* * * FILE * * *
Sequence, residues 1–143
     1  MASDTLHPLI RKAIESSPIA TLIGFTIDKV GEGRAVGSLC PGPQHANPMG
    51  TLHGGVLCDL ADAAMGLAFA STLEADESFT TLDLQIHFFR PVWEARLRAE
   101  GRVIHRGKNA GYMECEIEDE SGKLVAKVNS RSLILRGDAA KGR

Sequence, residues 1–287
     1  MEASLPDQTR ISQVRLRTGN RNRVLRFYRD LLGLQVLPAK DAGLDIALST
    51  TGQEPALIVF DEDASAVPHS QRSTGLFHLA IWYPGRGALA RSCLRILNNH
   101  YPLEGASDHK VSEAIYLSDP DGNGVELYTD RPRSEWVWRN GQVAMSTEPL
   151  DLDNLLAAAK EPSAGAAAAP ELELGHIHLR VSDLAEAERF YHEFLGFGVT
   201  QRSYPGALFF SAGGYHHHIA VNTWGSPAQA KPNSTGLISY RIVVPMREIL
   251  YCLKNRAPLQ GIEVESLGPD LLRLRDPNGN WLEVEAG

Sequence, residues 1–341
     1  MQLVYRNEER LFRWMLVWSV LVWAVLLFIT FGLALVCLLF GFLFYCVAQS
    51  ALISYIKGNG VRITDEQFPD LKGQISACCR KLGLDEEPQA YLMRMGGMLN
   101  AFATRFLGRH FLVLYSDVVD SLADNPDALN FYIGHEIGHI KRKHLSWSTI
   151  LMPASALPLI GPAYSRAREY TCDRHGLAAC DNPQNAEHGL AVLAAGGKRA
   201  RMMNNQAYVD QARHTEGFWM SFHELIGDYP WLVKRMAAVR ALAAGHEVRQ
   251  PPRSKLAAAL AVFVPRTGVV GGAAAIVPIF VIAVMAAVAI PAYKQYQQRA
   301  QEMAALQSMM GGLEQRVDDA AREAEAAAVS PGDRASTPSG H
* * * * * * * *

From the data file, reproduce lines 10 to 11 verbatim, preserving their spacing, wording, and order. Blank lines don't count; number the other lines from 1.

   201  QRSYPGALFF SAGGYHHHIA VNTWGSPAQA KPNSTGLISY RIVVPMREIL
   251  YCLKNRAPLQ GIEVESLGPD LLRLRDPNGN WLEVEAG